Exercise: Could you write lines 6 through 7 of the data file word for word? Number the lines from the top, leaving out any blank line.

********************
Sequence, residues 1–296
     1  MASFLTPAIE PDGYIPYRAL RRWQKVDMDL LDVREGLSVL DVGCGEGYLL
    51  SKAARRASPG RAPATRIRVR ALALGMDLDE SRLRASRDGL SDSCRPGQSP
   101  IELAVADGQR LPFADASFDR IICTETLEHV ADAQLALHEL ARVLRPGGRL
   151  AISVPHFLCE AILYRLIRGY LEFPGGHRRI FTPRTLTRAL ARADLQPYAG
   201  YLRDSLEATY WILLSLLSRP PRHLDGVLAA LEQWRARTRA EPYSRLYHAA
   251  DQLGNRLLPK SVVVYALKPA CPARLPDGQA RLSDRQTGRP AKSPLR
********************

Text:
   201  YLRDSLEATY WILLSLLSRP PRHLDGVLAA LEQWRARTRA EPYSRLYHAA
   251  DQLGNRLLPK SVVVYALKPA CPARLPDGQA RLSDRQTGRP AKSPLR